“Professor Orzechowski encouraged us to ask ‘What’s the value we’re bringing with this product?’” Vennero recalls. “We realized that targeting a niche market would set us apart.”
The next order of business was to refine their marketing pitch—and give their app a name. During one of many late-night meetings in the UC library, Coope remembers brainstorming.
“We were messing around with so many crazy names. We liked that ‘seed’ sounded healthy and natural, and it just went from there,” says Coope. “We settled on ‘SucSeed,’ and it just clicked.”
Towards the end of the semester, Orzechowski switched the course’s focus to prepare the students to present the ideas. He brought in communications professor Carol Downing, who gave the class a crash course in public speaking and evaluated their current pitches.
“I said, ‘Carol, rip them apart,’” Orzechowski recalls. “At that point in the course, I knew they were prepared to take negative feedback and see it as constructive criticism.”
For Team SucSeed, the lessons were more than constructive. In working with Downing, they learned to simplify their pitch, emphasizing the program’s top features instead of focusing on more technical details. They developed graphics to simulate the actual experience of using the app, which helped make SucSeed’s functionality crystal clear. They succinctly explained the problem with nutrition apps currently on the market and how SucSeed could help fill the void.
In those final weeks, the team’s presentation underwent “constant tweaking,” says Orzechowski. “But you could see their confidence building each time they presented because they were taking in all the feedback.”
On presentation day, the team was slated to present last. As they watched their competitors present, Westbrook recalls feeling the anticipation build. “I was going through my notecards over and over again,” he says. “But when we got up on stage, it just kind of flowed.”
Coope recalls reading the non-verbal cues of the judges as they explained the prototype. “Lots of head nods and smiles,” she says. “We felt pretty confident after seeing that.”
Sure enough, after a brief deliberation, the judges announced SucSeed as the first-place winner.
In addition to receiving A’s in the course, shortly after the final presentation, Team SucSeed was approached by a local businessperson with a surprising proposition: a purchase offer.
“This person saw real value in their idea and made a cash offer,” says Orzechowski. “I think their mouths kind of dropped at first, but then they looked at it from an intelligent, financial perspective.”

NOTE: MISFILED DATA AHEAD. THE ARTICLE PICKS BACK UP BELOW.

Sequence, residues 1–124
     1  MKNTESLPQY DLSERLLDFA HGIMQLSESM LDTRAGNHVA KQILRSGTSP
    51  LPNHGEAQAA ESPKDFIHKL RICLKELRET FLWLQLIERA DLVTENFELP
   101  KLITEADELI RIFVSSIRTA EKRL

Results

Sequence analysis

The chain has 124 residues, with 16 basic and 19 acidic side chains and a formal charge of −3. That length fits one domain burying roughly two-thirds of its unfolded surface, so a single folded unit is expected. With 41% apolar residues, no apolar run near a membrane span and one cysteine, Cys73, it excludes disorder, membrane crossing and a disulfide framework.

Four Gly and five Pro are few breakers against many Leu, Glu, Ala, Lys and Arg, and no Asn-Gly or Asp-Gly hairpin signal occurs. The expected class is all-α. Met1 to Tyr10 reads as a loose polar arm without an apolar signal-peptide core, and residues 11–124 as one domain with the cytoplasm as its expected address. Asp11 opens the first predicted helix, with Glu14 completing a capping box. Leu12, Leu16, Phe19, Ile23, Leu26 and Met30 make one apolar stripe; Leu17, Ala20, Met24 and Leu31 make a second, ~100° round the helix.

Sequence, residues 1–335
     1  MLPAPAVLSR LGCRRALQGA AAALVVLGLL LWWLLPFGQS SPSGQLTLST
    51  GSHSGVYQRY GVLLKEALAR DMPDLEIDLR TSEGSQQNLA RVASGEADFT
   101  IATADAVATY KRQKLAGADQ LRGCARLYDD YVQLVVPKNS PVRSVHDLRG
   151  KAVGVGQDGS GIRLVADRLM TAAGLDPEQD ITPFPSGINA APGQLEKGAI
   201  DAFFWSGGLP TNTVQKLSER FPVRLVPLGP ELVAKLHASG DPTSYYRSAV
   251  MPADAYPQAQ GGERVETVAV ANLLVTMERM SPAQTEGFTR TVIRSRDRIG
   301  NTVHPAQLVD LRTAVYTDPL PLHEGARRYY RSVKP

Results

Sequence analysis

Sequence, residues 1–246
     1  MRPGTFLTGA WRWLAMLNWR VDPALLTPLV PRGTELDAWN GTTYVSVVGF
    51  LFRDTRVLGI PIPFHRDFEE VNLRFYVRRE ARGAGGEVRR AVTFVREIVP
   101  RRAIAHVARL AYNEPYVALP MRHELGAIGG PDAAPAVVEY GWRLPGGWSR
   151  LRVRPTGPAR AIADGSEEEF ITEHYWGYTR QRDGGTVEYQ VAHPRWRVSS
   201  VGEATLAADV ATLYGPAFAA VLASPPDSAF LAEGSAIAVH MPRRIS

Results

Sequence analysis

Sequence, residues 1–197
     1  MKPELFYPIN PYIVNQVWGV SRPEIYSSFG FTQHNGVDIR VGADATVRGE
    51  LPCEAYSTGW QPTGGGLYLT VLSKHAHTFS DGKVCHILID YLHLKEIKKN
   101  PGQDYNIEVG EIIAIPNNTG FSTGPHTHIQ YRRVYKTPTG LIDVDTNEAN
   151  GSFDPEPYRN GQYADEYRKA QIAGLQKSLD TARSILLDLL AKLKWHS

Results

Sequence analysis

After much consideration, the team turned it down.
“We saw more value and potential in SucSeed than what this person was offering,” says Vennero. “We felt like we could do more with the idea if we continued to pursue it ourselves.”
And so they have.
On April 1, the team competed in the Mohawk Valley Collegiate Business Plan Competition, where SucSeed earned second place in the IT Software category and qualified for state competition in Albany on April 28.
While they didn’t place in States, the team received positive feedback from the judges and their peers, which inspired them to push on. Since early 2017, they’ve been working to refine SucSeed with Ryan Miller, director of thINCubator in downtown Utica, who served as a judge during the December presentation. At thINCubator, Miller and his colleagues help aspiring entrepreneurs take their ideas to market.
“After the final presentation, Ryan approached us and said ‘If you guys want to pursue this, let’s chat,’” says Coope. The team jumped at the opportunity, and began meeting with Miller at thINCubator on a biweekly basis.
“Working with thINCubator has been awesome,” says Coope. “Ryan connected us with a web developer, and that’s been a huge help. It’s cool that we’re taken seriously and given the opportunity to see where this can go.”
Agrees Vennero: “We went into this not knowing much about start-ups or how entrepreneurship works,” she says. “Now we’re going to business meetings a few times a week and making decisions about real money. It’s been a huge transformation.”
And for Orzechowski, that’s precisely the point—and why he’s working to establish an entrepreneurship minor at UC.
“Entrepreneurship skills are transferable in so many ways,” he says. “Working on a project like this, you see students grow as professionals, and as people. It puts them in a position to realize what they can do.”